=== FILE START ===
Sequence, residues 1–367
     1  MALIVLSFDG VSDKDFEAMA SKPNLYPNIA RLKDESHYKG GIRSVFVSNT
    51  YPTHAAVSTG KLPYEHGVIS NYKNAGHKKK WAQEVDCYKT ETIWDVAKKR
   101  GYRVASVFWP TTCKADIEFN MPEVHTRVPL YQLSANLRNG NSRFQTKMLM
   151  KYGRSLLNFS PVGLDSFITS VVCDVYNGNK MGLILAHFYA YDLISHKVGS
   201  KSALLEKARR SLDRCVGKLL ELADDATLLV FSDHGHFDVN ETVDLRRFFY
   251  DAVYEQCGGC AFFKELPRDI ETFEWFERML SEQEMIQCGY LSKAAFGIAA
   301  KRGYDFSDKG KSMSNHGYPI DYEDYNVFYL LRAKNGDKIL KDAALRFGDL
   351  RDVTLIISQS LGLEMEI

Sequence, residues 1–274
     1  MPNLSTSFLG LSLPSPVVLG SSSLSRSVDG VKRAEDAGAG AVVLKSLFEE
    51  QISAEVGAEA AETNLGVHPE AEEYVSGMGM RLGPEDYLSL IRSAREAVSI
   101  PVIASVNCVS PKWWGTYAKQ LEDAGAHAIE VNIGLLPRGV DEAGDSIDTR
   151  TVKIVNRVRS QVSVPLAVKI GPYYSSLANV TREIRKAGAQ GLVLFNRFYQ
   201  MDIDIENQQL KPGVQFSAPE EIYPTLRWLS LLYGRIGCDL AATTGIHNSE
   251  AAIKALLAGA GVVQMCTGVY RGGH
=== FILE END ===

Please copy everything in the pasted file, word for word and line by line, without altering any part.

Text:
Sequence, residues 1–367
     1  MALIVLSFDG VSDKDFEAMA SKPNLYPNIA RLKDESHYKG GIRSVFVSNT
    51  YPTHAAVSTG KLPYEHGVIS NYKNAGHKKK WAQEVDCYKT ETIWDVAKKR
   101  GYRVASVFWP TTCKADIEFN MPEVHTRVPL YQLSANLRNG NSRFQTKMLM
   151  KYGRSLLNFS PVGLDSFITS VVCDVYNGNK MGLILAHFYA YDLISHKVGS
   201  KSALLEKARR SLDRCVGKLL ELADDATLLV FSDHGHFDVN ETVDLRRFFY
   251  DAVYEQCGGC AFFKELPRDI ETFEWFERML SEQEMIQCGY LSKAAFGIAA
   301  KRGYDFSDKG KSMSNHGYPI DYEDYNVFYL LRAKNGDKIL KDAALRFGDL
   351  RDVTLIISQS LGLEMEI

Sequence, residues 1–274
     1  MPNLSTSFLG LSLPSPVVLG SSSLSRSVDG VKRAEDAGAG AVVLKSLFEE
    51  QISAEVGAEA AETNLGVHPE AEEYVSGMGM RLGPEDYLSL IRSAREAVSI
   101  PVIASVNCVS PKWWGTYAKQ LEDAGAHAIE VNIGLLPRGV DEAGDSIDTR
   151  TVKIVNRVRS QVSVPLAVKI GPYYSSLANV TREIRKAGAQ GLVLFNRFYQ
   201  MDIDIENQQL KPGVQFSAPE EIYPTLRWLS LLYGRIGCDL AATTGIHNSE
   251  AAIKALLAGA GVVQMCTGVY RGGH